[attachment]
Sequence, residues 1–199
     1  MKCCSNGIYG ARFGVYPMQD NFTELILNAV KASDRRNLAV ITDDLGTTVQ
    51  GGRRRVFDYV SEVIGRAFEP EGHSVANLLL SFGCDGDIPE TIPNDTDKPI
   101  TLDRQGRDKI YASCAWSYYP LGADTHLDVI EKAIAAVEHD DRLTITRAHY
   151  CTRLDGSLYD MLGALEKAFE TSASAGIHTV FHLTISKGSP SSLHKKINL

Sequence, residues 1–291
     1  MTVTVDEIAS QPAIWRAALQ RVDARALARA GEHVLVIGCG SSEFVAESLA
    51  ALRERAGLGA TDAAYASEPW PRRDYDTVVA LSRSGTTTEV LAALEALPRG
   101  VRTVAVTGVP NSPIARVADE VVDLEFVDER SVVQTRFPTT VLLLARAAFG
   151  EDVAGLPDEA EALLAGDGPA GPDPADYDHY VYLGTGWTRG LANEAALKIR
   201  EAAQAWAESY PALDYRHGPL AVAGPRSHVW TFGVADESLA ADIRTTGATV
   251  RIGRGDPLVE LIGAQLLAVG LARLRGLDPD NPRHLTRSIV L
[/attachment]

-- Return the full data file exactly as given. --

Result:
Sequence, residues 1–199
     1  MKCCSNGIYG ARFGVYPMQD NFTELILNAV KASDRRNLAV ITDDLGTTVQ
    51  GGRRRVFDYV SEVIGRAFEP EGHSVANLLL SFGCDGDIPE TIPNDTDKPI
   101  TLDRQGRDKI YASCAWSYYP LGADTHLDVI EKAIAAVEHD DRLTITRAHY
   151  CTRLDGSLYD MLGALEKAFE TSASAGIHTV FHLTISKGSP SSLHKKINL

Sequence, residues 1–291
     1  MTVTVDEIAS QPAIWRAALQ RVDARALARA GEHVLVIGCG SSEFVAESLA
    51  ALRERAGLGA TDAAYASEPW PRRDYDTVVA LSRSGTTTEV LAALEALPRG
   101  VRTVAVTGVP NSPIARVADE VVDLEFVDER SVVQTRFPTT VLLLARAAFG
   151  EDVAGLPDEA EALLAGDGPA GPDPADYDHY VYLGTGWTRG LANEAALKIR
   201  EAAQAWAESY PALDYRHGPL AVAGPRSHVW TFGVADESLA ADIRTTGATV
   251  RIGRGDPLVE LIGAQLLAVG LARLRGLDPD NPRHLTRSIV L